What To Plant With Beets?

When it comes to your beets’ growth, plants like pole beans, field mustard, and chard can negatively affect your beets. If you want to cultivate beets in your garden, learn which plants work well with them and which you should avoid.

Companion planting pairs mutually beneficial plants like beets with each other to maximize their growth and development. A wide range of plants works well with beets, such as Alliums (i.e., onions and garlic), bush beans, radishes, strong-scented herbs, Brassica crops (such as broccoli and cabbage), and corn.

The growth of your beets might be negatively affected by plants like pole beans, field mustard, and chard. You can learn which plants work well with beets and what to stay away from if you wish to cultivate beets in your garden.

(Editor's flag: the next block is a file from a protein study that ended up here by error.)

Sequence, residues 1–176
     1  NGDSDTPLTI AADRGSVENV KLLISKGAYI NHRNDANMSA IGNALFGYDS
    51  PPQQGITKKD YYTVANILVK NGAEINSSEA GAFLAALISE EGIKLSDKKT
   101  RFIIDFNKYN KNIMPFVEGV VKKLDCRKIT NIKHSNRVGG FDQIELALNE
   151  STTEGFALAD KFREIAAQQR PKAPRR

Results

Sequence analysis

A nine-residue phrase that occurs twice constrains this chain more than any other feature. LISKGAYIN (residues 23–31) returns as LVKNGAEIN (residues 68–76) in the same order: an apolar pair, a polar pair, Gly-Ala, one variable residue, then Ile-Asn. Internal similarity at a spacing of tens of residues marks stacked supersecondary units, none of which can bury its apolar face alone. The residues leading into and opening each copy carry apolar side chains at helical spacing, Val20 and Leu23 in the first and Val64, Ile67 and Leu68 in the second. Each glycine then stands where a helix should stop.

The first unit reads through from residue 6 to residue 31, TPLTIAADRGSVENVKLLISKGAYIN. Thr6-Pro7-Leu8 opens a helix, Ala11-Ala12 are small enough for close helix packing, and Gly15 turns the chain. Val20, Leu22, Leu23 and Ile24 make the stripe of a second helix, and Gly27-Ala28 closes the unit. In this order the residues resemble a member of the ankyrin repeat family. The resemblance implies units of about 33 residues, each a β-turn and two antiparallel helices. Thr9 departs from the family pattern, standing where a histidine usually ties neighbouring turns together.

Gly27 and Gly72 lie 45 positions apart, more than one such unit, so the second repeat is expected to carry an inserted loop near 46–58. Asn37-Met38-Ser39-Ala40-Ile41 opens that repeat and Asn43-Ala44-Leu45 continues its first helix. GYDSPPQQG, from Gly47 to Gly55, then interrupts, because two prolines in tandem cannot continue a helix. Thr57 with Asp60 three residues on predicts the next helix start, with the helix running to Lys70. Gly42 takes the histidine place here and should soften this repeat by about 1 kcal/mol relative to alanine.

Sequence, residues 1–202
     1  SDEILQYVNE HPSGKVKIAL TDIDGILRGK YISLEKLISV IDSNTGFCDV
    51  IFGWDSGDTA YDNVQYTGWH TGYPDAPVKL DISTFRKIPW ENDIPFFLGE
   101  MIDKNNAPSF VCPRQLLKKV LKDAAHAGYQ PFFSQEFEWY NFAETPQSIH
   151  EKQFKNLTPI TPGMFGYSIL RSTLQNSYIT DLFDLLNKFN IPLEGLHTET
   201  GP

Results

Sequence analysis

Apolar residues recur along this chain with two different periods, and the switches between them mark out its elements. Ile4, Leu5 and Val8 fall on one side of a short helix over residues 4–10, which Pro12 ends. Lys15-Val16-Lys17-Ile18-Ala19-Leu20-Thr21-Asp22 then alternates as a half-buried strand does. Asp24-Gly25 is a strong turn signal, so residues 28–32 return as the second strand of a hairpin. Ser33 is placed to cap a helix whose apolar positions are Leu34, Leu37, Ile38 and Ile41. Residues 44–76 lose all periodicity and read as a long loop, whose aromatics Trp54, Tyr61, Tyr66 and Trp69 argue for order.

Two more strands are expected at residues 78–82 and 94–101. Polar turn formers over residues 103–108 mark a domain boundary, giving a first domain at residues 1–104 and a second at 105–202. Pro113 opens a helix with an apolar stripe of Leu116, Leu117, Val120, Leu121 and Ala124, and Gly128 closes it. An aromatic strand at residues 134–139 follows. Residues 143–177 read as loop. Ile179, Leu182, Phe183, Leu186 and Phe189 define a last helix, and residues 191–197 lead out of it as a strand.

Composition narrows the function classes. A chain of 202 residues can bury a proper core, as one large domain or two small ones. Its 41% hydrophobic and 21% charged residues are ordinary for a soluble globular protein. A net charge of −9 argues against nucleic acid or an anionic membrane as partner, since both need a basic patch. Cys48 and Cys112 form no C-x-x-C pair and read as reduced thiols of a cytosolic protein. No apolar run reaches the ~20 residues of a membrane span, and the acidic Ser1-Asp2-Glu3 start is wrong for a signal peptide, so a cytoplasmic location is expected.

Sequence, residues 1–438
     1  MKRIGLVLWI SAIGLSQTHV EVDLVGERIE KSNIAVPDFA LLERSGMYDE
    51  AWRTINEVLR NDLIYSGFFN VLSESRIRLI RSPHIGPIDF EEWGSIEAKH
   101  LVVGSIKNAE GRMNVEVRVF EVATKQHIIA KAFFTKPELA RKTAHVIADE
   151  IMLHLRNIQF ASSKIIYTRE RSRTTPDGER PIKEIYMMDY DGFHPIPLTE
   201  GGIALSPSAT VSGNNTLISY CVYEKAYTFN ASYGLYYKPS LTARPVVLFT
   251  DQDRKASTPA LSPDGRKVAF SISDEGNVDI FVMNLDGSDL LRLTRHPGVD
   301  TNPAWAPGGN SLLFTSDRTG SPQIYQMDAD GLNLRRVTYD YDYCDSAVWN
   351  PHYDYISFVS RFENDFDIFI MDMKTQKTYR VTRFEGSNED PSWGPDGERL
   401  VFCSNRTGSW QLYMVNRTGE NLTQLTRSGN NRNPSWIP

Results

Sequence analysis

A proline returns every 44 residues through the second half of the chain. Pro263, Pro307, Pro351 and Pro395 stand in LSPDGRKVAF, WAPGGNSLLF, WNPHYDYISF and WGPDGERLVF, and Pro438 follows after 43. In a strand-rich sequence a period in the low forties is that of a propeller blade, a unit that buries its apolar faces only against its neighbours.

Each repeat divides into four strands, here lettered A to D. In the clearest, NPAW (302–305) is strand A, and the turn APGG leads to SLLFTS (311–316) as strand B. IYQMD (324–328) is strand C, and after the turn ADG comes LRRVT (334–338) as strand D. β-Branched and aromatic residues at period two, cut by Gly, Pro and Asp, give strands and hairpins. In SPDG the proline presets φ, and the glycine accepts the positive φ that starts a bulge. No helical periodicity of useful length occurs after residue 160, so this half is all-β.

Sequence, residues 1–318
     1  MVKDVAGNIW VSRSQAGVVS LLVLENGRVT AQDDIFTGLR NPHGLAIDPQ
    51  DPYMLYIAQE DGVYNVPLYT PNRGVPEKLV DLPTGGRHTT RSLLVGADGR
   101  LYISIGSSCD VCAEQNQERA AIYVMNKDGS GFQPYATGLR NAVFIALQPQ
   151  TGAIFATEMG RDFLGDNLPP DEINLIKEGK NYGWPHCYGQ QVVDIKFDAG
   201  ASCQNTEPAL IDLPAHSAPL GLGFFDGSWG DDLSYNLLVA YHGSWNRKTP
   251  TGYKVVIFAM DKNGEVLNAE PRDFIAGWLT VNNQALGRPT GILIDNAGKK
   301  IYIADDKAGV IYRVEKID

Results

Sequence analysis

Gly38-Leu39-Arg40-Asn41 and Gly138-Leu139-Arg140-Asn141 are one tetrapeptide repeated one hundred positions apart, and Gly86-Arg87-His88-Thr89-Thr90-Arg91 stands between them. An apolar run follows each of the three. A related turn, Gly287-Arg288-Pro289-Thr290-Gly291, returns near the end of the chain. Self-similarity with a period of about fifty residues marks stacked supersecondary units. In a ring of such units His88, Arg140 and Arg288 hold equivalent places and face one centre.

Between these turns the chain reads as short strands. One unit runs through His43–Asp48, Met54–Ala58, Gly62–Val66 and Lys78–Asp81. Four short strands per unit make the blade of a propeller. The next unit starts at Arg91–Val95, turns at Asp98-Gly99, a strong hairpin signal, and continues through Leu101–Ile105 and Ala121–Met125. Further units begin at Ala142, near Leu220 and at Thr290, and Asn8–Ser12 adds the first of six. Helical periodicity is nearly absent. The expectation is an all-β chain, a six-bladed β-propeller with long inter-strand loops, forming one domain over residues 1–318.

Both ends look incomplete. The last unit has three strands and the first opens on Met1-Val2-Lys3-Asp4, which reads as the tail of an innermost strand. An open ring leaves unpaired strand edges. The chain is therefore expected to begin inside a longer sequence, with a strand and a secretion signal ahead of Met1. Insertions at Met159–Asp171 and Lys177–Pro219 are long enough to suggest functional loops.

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What Are The Benefits Of Companion Planting?

A companion plant can either enhance the yield of a specific crop or grow better if it is placed near a specific crop. They can perform multiple tasks in the garden, including:

Repelling insect pests is effective. Infestations of cabbage worms, cucumber beetles, Mexican bean beetles, carrot flies, and cabbage moths can occur in vegetable gardens. Several companion plants can help keep pests away from specific crops, including marigolds, catnip, and rue.

Encourage beneficial insects to live in your yard. Bringing pollinators such as bees and ladybugs to vegetable gardens and helping them to pollinate the crops will benefit them. Gardeners choose borage flowers for their ability to attract pollinators.

Increase the soil’s nutrient content. Crops deplete soil nutrients, which require additional time and effort on the gardener’s part to replace them.

In contrast, many companion plants (such as bush beans and pole beans) return valuable nutrients to the soil, ensuring that the surrounding plants are healthy and well-fed.

Enhance the flavor and accelerate growth. Marjoram, chamomile, and summer savory, for instance, release chemicals that promote faster plant growth or better tasting plants near them. As a result, home gardeners can harvest their crops more quickly and efficiently.”